For Karen Riedel, it’s all about understanding customers’ needs and wants.
Riedel is director of product marketing for Aflac. In this role, she oversees the strategies of developing new products and enhancing older ones — making sure they meet the needs of Aflac clients.
The supplemental insurance firm recently launched a new integrated marketing campaign called Aflac Wingspan — an effort to reach more potential customers and boost sales during an economic downturn. Riedel has been keeping busy with the campaign, as part of it includes launching new Aflac products and revamping old ones. Riedel sat down with the Ledger-Enquirer to talk about the product development process, the need for supplemental insurance and new Aflac products.
This interview has been edited for length and clarity.
Walk me through the process of having an idea for a product to Aflac actually offering it to customers.
Our product development process is basically five stages. We start with research. We (use) internal information, work with our field force, do focus groups and send surveys out to our field force, employers and consumers.
The next stage is the actual development stage — when we decide to pursue an idea. That’s where we actually take the product that we want and craft the language, price it, work out all the administration. We work with a lot of different areas of the company — IT, claims, actuarial, compliance, other marketing groups. It’s a very collaborative effort.
Then we have our project phase. That’s when everything gets coded and filed. The actual execution of it.
Implementation is our process of introducing the products to all the different states.
And then the marketing. We start marketing when we introduce it. Throughout that product’s life cycle, we need to come up with marketing ideas to enhance and help generate more sales of the products.
Everything we learn during that process goes back to the research phase for the next revision of that product.
Talk to me about life insurance versus disability insurance. How do you think people perceive the need for the two?
Life insurance is something people certainly understand the need for. In the market we’re in, we’re seeing average Americans on the worksite understand they either need insurance or don’t have enough. Our agents, focusing more on asking people if they want life insurance, have really helped our sales of life insurance.
What we want to ensure is that people also understand they have to insure their income. Accidents and illnesses occur. You need to ensure you have a continuing income should you be out of work, particularly in a down economy … When finances are strained, it’s even more important people have that safety net of supplemental products.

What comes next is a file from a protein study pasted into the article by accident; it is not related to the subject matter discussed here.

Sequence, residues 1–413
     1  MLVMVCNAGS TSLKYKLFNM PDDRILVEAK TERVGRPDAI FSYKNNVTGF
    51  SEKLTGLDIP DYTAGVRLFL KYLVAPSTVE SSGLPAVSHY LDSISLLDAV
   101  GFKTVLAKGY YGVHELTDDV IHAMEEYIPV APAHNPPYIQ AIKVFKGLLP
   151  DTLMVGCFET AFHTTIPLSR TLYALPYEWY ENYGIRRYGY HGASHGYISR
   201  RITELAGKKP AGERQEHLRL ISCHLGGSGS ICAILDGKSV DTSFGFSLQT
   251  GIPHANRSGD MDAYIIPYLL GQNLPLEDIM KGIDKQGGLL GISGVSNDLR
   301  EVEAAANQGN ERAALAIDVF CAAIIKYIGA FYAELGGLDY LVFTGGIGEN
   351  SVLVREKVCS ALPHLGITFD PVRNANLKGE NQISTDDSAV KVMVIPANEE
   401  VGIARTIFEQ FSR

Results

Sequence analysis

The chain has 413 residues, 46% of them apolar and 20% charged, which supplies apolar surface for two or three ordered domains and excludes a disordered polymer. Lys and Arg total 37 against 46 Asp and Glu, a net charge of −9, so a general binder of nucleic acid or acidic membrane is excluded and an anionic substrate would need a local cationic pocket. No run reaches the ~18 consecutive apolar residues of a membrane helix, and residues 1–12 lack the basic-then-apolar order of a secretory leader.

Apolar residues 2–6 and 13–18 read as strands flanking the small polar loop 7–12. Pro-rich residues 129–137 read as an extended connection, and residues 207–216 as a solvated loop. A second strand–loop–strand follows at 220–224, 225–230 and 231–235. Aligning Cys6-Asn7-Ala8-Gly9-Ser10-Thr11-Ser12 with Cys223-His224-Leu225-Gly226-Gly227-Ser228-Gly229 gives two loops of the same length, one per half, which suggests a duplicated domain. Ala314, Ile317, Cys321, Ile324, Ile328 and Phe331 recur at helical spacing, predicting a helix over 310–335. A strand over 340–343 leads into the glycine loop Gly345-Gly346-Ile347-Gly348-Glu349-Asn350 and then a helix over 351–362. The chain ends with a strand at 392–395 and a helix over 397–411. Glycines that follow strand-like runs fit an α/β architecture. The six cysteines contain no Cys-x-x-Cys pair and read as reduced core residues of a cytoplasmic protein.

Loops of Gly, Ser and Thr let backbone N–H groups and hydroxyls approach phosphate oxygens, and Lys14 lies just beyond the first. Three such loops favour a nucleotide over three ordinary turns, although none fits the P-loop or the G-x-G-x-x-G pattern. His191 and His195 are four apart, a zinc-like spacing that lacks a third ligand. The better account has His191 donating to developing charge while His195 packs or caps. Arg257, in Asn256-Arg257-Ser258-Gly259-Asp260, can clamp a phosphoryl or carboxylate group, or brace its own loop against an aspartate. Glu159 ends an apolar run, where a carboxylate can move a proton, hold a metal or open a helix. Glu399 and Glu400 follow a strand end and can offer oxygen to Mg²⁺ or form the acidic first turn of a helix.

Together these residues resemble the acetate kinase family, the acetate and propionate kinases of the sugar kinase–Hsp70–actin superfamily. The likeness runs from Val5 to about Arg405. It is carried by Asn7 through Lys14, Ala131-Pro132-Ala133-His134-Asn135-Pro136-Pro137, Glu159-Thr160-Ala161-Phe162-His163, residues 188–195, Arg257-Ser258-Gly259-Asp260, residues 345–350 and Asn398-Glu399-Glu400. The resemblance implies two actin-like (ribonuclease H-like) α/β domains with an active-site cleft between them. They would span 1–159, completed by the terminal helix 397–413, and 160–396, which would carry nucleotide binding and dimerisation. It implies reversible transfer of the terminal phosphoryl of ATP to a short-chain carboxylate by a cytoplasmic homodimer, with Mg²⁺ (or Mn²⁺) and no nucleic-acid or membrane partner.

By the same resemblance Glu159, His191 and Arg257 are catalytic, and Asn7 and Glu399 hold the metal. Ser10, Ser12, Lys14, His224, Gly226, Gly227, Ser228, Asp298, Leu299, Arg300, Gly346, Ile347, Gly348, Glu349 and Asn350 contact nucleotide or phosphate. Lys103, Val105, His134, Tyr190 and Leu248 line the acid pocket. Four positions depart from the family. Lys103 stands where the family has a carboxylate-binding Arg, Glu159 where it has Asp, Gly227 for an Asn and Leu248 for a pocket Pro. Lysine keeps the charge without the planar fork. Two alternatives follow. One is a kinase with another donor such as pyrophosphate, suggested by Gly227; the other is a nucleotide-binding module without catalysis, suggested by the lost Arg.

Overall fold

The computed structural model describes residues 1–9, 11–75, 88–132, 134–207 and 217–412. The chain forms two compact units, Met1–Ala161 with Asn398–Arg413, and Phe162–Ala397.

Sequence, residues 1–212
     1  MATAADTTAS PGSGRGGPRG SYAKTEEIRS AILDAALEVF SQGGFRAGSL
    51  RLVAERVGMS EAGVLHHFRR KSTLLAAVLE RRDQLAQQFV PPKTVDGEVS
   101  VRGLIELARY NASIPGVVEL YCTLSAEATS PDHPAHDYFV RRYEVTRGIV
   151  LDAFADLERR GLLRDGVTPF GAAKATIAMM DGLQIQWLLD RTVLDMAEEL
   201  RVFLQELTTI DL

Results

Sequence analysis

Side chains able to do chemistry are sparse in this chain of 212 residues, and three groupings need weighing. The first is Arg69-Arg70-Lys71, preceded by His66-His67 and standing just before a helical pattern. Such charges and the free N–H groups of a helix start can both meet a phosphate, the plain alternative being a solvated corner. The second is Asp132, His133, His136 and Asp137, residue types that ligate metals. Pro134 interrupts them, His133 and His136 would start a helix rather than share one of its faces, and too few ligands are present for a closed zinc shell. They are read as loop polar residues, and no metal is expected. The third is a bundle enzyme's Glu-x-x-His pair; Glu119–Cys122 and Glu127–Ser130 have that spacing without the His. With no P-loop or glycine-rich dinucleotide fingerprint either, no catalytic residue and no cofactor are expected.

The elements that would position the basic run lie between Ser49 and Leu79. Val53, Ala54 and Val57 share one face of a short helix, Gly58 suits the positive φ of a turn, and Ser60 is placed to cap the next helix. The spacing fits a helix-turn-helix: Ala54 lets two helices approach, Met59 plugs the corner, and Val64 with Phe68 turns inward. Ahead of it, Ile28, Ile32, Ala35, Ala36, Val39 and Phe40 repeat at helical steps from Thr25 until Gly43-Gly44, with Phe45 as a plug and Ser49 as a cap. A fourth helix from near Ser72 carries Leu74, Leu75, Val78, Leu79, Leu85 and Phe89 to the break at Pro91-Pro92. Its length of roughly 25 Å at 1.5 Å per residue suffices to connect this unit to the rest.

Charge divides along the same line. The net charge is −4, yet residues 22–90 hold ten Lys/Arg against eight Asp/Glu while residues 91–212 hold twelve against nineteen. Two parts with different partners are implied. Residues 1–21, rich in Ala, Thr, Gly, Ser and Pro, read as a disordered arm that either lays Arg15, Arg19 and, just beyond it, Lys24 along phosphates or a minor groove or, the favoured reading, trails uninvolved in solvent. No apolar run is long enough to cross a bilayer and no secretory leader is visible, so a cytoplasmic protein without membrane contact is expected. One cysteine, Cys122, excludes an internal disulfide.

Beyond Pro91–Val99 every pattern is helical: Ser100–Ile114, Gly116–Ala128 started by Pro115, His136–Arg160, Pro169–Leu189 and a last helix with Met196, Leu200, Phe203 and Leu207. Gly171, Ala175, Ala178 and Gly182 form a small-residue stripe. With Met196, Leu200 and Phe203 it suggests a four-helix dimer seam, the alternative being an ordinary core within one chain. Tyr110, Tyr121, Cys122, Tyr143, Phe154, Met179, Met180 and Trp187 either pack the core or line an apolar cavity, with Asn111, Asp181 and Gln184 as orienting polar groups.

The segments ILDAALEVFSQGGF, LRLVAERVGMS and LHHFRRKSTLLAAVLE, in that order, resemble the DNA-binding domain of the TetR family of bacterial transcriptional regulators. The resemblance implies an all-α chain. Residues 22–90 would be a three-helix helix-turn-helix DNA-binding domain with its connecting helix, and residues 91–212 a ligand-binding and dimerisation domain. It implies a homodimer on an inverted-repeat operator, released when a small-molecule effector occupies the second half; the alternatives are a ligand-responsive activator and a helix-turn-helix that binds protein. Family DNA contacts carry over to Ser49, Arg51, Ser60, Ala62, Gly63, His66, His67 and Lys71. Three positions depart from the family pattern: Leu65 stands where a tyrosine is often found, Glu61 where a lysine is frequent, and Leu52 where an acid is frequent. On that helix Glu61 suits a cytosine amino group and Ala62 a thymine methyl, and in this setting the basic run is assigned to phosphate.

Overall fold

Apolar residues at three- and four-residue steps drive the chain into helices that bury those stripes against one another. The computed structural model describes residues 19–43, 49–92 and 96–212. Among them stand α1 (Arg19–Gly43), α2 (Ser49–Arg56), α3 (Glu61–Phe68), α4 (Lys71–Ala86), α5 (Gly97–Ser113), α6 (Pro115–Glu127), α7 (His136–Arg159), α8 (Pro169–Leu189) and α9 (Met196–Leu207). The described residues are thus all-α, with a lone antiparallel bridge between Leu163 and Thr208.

Why do you think people will go for life insurance but not necessarily disability or supplemental insurance?
Maybe they don’t think some of these things might happen to them. I think it’s important to continue the process of educating people to understand what our products do and how they help provide that safety net. We’re insurance for daily life. When (accidents or illnesses) happen and you miss work, unfortunately a lot of people don’t have that two to three months of savings that is recommended.
Tell me about the new products and revamped older products Aflac is offering with Aflac Wingspan.
We enhanced our existing accident and disability products, to ensure the benefits are most relevant. We also are expanding the market to make sure more people have access to Aflac products.
With the accident plan, we now cover dependent children up to age 25. We’re finding more children are staying home longer, and parents are concerned their children be covered.
In addition to enhancing some benefits, we also took out some exclusions — for aviation, hazardous activities, sports, taxi cab drivers — to allow more people to have it.
With our disability (policies,) we lowered the definition of a full-time employee to 19 hours from 30. This was a big change. What we’re finding in this economy is employers may be reducing the number of hours employees work as opposed to reducing their workforce.
We also have a transitional disability benefit that we added to our short-term disability. If you’re not working at least 19 hours or at all, and you have our plan, it will pay a disability benefit, should you become disabled during that time.
The new products are the lump-sum critical illness and lump-sum cancer. What we found in conversations with employers and employees is that they want more options.
We have a specified health event plan that pays daily indemnity benefit amounts, should they have one of these conditions. But we found there is an increasing interest in a product that pays in a lump-sum manner. We created our lump-sum plans to pay benefits (for an unlimited number of recurring health conditions, including the same or new critical illnesses.) So you could receive additional benefits for … additional heart attacks or strokes. Also, if you go five years, your benefit comes back entirely. Consumers really want to have this coverage, but they want it to pay over a longer period of time.
What’s your favorite part of the job? Least favorite?
My favorite part is looking at the research and talking through ideas with people — the communicating, the brainstorming of what’s the next new idea. How can we create something that will be helpful to people? That is something I’m passionate about — as well as my whole team. What we do on a daily basis truly impacts people. Something we’re developing now is going to help somebody is their time of need. That is very rewarding.
My least favorite … I think most people would say some of the more administrative tasks are probably the least exciting. I like the more creative aspects of my job.